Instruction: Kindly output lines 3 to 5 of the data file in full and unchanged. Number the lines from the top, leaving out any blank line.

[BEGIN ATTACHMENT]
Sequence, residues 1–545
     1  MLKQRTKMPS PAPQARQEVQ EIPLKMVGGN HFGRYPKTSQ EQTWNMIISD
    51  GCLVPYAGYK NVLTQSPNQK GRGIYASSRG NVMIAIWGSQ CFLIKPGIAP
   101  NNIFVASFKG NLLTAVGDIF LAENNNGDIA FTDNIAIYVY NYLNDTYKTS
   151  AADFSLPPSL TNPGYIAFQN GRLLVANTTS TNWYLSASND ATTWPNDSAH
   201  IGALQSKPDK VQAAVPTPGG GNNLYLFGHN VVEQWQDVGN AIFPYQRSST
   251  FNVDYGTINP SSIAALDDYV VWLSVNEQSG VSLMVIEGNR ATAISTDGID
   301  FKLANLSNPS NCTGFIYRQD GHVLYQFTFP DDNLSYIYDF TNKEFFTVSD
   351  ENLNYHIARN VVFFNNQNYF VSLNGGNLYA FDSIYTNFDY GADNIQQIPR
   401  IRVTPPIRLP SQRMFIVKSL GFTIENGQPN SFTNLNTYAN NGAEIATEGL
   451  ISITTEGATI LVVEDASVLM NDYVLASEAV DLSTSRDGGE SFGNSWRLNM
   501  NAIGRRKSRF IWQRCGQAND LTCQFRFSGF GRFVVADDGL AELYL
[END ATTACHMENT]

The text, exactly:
    51  GCLVPYAGYK NVLTQSPNQK GRGIYASSRG NVMIAIWGSQ CFLIKPGIAP
   101  NNIFVASFKG NLLTAVGDIF LAENNNGDIA FTDNIAIYVY NYLNDTYKTS
   151  AADFSLPPSL TNPGYIAFQN GRLLVANTTS TNWYLSASND ATTWPNDSAH